Are you mechanically inclined?

No. No.

I'm not oriented that way. I'm a driver.

I realized many years ago; I concentrate at what I'm very good at. I'm a very good producer, musician, writer, performer, educator and adventurer. When it comes to changing the oil and knowing what's under the hood I leave that to guys who live and breathe that stuff.

What's the most extreme place you've driven the Ram?

It doesn't go overseas with me. So the most extreme would be those little trails that someone tells you about that will get you into a spot in the river for a canoe trip.

You're driving and before you know it the branches are scratching against the sides, you can hardly see the road ahead and the ruts are getting bigger. I would say the deep, dark access trails in Northern Ontario.

I don't go off-roading. I don't drive to drive. I don't purposely go out - let's go spend a day mudding it with the truck. But I go off road to get me to adventurous places.

I'm going somewhere and I end up mudding the truck because that's how I have to get in there.

What's the most extreme place you've driven while filming?

We drove up the side of a mountain in the Amazon jungle in Ecuador - that's probably the most remote and craziest driving we ever did.

That was like nine guys getting out and pushing the vehicles through mud. And then when we were driving on the roads you're looking down 2,000-3,000 feet, driving by the edge within a foot.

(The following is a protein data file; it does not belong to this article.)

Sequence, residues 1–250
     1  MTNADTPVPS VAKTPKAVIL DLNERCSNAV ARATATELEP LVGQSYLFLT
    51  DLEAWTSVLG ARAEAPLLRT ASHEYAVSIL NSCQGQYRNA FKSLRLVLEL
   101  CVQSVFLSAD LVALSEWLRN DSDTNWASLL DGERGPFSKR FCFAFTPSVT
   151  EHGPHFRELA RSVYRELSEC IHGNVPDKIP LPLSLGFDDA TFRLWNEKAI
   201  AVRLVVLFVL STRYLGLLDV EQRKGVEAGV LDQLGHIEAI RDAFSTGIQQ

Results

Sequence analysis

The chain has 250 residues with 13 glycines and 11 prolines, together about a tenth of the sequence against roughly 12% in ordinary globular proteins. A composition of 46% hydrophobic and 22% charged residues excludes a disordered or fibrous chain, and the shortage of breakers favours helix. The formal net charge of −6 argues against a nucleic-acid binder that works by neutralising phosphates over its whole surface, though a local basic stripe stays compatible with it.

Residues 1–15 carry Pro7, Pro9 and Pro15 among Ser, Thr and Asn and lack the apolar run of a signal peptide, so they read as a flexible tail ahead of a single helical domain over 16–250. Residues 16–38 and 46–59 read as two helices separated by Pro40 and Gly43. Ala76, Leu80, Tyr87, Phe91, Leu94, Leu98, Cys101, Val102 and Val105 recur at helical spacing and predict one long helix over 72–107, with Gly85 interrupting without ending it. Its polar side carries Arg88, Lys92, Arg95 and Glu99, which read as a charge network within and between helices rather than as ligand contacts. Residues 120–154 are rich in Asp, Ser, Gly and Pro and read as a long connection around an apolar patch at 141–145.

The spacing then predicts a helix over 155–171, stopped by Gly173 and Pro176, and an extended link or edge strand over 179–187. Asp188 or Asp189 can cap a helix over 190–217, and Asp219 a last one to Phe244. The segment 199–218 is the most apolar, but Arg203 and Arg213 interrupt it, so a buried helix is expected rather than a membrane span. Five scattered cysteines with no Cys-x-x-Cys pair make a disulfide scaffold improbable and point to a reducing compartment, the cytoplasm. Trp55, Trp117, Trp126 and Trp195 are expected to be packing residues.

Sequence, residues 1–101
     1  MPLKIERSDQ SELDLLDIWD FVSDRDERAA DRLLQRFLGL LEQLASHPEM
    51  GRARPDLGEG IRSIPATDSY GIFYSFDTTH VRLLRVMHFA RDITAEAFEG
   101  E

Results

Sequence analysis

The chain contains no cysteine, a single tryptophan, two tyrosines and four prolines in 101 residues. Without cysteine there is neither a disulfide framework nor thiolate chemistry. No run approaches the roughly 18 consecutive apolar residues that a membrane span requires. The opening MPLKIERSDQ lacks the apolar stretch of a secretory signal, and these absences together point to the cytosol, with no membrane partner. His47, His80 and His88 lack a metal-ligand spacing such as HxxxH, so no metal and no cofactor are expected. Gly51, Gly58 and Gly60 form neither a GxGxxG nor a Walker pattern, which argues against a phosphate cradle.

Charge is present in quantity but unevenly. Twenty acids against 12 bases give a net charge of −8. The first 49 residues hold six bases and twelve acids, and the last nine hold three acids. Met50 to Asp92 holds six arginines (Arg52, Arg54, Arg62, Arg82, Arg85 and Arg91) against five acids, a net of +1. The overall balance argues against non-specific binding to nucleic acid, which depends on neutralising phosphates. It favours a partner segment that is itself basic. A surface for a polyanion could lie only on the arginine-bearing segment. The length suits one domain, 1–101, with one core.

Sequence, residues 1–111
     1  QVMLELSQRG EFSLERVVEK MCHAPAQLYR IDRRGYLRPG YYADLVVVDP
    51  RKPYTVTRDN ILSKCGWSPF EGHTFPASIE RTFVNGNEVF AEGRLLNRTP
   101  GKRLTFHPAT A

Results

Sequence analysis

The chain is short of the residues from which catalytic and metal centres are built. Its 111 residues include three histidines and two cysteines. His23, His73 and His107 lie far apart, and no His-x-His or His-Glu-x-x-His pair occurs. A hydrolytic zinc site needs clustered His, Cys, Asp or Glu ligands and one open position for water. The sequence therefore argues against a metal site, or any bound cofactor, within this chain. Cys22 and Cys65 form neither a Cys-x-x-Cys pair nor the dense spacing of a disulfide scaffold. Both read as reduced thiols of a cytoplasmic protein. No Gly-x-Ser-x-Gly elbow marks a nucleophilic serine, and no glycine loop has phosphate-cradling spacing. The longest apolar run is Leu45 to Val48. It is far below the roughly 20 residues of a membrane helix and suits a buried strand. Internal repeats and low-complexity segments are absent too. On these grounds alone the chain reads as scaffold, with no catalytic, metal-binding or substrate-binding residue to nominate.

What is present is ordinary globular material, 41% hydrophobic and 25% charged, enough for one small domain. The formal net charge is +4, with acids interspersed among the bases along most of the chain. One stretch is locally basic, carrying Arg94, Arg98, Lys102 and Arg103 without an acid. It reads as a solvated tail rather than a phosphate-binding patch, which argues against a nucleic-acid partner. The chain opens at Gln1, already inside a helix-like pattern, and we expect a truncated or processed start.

You're looking and you go, my God if you were driving this at night and go over no one would even know that you went over. There would be no marks - you'd be into the thick green of the jungle. You know there are probably lots of vehicles down there that will never be seen. It was just crazy and spooky.

What do you drive when filming overseas?

Usually some kind of Jeep or Land Rover SUV.

If I'm filming in a place like Madagascar you can not drive a regular car there. It took us nine hours to go 50 kilometres. That's what the roads are like.

The roads in Madagascar were built by the Japanese and abandoned. They don't have potholes; they have car-eating holes - craters. Overseas, we tend to rent vehicles that are Jeep style and strong.

Any major mishaps?

We've blown a lot of tires, but we've never run out of gas.

We blew tires in the middle of Africa. So in the middle of the night we were out trying to repair tires. It sounds crazy, but it's an adventure. It's part of who I am and what I do.

What was your first vehicle?

It was a $100 little yellow 1969 Volvo with no heating and a vent that was constantly open. I used to have blankets around my legs to drive to Ottawa and visit a girlfriend.

Then I landed in vans for a while because that was great for travelling. I had some pretty ugly ones.

The best vehicle I had was my first Dodge Ram. I had troubles with Ford. I had troubles with GMC for whatever reason, but I never had any problems with Dodge.

If I can bring you the keys to any vehicle what would it be?

It would be a new convertible Jaguar with all the trimmings.

The interview has been edited and condensed.

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About the Author

Petrina Gentile is an award-winning automotive journalist - one of the few women who cover cars in Canada. Her life revolves around wheels. She has been writing for the Drive section since 2004. Besides auto reviews, she also interviews celebrities like Norman Jewison, Patrick Dempsey, Rick Hansen, Dean McDermott, Russell Peters, and Ron MacLean for her My Car column. More